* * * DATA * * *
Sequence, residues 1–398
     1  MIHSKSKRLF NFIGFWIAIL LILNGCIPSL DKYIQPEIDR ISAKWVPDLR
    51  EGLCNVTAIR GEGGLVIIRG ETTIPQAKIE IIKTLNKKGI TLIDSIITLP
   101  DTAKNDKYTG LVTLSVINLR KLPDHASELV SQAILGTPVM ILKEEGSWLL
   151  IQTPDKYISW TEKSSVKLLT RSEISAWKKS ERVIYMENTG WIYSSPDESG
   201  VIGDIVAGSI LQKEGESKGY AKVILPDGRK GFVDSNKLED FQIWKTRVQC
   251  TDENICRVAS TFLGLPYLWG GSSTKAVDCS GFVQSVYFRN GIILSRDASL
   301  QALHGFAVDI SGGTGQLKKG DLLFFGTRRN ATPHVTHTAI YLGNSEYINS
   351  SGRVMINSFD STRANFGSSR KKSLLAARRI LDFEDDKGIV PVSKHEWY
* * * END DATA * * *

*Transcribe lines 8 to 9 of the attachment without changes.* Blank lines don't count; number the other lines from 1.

   301  QALHGFAVDI SGGTGQLKKG DLLFFGTRRN ATPHVTHTAI YLGNSEYINS
   351  SGRVMINSFD STRANFGSSR KKSLLAARRI LDFEDDKGIV PVSKHEWY